Over the course of her career, Amelia set many aviation records and always struggled to promote opportunities for women in the aviation sector. In 1929, she was involved in the creation of the Ninety-Nines, an international organization for women pilots. Her high ambition led her in June 1937 to begin a round-the-world flight with another pilot. Unfortunately, the couple never ended the trip, since in July of that year they were declared lost at sea.

Lady Diana – The People’s Princess

Lady Diana (1961-1997)

A significant woman in our time is Lady Diana. Even if she married a prince, she became known for her charity work and awareness of various mental illnesses. Diana was born on July 1, 1961, and joined the British aristocracy when her father inherited the title of Earl Spencer at which time she became Lady Diana Spencer.

Lady Diana was raised in a manor house next to a royal family estate in Sandringham. She met Prince Charles and Prince Andrew at an early age, but they lost touch in subsequent years. After school, Diana moved to London, where she lived as a typical young woman of her age, working as a janitor, nurse, and a kindergarten teacher. In 1980 Diana met Charles again, they began dating and one year later they had the wedding of the century. She became the first British citizen in three hundred years to marry the heir to the throne.

Diana became a target for the media at the time, especially when, in 1996, she officially announced that she was divorcing Prince Charles. She was also a rebel against traditional portraits of women in the royal household. She started speaking out about her fight against bulimia and depression. The Lady has been and continues to be considered the People’s Princess for her best-known charity work and her support of the AIDS crisis of the 1980s. She helped change the way people with AIDS were treated at the time. When the public tried to quarantine the patients, Diana voluntarily touched and embraced AIDS suffers to show her support.

On August 30th, 1997, Diana lost her life in an automobile accident in Paris. Lady Diana was a symbol and still greatly influences English culture. She was a wealthy woman by birth, yet remained humble. She lived her life trying to help others, and empower people who struggle. She was an icon as well as an Alpha Woman.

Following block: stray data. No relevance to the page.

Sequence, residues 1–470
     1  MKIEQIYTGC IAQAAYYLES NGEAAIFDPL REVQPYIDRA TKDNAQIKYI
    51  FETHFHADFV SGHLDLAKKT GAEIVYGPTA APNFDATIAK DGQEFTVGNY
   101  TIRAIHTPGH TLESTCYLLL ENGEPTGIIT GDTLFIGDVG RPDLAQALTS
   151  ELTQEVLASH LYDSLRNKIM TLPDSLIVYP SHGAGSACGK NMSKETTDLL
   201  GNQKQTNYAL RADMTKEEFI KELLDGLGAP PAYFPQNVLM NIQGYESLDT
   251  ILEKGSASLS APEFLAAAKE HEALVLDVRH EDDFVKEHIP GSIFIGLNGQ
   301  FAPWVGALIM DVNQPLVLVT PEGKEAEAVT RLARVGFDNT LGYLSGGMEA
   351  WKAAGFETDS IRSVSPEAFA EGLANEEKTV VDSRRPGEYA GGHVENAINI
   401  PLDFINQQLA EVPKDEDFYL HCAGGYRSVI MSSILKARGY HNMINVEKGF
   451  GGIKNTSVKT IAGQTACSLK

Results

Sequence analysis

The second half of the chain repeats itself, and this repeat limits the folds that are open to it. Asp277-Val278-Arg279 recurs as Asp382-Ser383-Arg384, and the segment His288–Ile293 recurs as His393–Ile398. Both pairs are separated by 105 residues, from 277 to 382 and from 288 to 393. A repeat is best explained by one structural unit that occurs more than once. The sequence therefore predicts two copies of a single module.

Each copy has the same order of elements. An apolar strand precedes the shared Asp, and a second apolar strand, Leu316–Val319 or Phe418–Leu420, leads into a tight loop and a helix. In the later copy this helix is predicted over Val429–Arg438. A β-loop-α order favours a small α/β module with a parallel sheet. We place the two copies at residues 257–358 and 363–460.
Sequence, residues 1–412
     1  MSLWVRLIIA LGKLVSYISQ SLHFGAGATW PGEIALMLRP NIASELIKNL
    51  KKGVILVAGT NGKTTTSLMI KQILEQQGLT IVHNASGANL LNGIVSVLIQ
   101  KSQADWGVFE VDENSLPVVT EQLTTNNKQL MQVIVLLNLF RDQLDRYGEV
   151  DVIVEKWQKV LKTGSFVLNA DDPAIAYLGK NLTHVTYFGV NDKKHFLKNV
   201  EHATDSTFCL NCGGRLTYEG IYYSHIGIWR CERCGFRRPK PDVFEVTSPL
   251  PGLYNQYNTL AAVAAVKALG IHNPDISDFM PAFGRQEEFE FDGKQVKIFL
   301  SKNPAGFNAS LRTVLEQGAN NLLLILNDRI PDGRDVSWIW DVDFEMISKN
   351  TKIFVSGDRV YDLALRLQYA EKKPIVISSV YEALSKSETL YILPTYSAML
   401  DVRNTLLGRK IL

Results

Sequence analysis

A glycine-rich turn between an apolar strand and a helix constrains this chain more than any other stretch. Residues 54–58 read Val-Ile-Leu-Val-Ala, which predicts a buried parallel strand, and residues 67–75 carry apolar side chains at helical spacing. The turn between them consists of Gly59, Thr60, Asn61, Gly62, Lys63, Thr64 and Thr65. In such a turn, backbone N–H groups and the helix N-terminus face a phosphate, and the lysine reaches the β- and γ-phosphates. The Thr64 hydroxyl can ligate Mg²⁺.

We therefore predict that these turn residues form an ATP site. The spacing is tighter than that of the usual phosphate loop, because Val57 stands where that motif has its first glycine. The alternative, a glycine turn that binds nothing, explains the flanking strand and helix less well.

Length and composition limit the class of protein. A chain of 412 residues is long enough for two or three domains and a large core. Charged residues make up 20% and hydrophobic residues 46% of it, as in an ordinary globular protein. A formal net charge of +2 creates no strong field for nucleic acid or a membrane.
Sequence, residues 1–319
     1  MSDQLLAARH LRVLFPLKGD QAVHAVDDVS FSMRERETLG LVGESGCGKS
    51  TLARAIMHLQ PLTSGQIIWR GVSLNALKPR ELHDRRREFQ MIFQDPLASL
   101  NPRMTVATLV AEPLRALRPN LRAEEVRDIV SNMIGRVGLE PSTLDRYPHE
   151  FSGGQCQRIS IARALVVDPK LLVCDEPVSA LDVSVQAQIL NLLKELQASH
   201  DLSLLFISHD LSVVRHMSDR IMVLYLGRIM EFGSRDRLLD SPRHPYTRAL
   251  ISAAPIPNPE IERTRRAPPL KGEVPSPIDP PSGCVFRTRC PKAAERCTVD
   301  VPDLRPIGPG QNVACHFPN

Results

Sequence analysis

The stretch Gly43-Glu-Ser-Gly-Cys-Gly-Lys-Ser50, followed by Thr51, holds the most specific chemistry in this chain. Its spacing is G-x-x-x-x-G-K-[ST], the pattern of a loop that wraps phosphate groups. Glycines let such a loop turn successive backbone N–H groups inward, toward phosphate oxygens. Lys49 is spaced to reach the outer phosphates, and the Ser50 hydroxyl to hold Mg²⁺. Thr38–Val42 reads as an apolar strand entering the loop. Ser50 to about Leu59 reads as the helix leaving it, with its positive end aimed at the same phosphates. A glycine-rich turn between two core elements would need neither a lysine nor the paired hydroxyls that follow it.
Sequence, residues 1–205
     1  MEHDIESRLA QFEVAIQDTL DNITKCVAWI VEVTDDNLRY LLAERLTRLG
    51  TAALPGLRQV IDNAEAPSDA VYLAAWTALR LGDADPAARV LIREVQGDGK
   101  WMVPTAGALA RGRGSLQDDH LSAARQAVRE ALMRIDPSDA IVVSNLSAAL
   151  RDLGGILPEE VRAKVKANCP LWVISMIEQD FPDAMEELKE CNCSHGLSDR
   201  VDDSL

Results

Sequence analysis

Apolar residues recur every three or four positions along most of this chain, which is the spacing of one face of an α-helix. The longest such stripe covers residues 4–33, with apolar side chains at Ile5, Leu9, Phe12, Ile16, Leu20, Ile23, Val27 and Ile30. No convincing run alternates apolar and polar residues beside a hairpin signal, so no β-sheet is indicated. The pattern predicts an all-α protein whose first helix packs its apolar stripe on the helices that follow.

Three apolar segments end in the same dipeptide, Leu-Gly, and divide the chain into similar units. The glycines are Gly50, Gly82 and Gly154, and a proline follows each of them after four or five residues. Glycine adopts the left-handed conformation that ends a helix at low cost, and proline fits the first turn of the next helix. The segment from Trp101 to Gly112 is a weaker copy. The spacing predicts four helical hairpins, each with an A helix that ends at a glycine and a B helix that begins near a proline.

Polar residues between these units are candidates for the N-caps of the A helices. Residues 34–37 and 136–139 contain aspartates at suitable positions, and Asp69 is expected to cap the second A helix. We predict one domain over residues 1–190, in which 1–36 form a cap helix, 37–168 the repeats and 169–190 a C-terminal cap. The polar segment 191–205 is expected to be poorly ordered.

Wangari Maathai – Nobel Peace Award Winner 

Wangari Maathai (1940-2011)

Wangari Maathai was a great woman of our time, a Kenyan environmentalist and founder of the Greenbelt Movement. She became the first African woman to receive the Nobel Peace Award. Moreover, she is the first woman from Central Africa with a doctorate, and the first female teacher in Kenya.

Wangari Maathai was born in rural Kenya in 1940 and received her education in the United States. During her time with the National Council of women of Kenya, she developed the idea that women could improve the environment by planting trees. The aim was to slow the process of desertification and deforestation. In 1997, she began a movement to stop environmental problems in her country. It brought together sustainability and women’s rights. Indeed, she encouraged women to plant trees in their local surroundings.

The Green Belt movement spread across Africa and helped plant more than 45 million trees to counter deforestation. The Nobel Committee stated that she thinks globally and operates locally. Indeed, Wangari‘s impact has preserved natural resources and brought peace and stability. She fought environmental degradation and impoverishment. She began to work hard to conserve the land that nourished her people. In addition to that, to generate employment and empowerment for vulnerable people. Thanks to her contribution, similar activist initiatives have also emerged in other countries. Maathai was a humanitarian and is also known for her support and fight for human rights, AIDS prevention and especially women’s rights.

 

Tags:

You Might also Like

Leave a Comment

Your email address will not be published. Required fields are marked *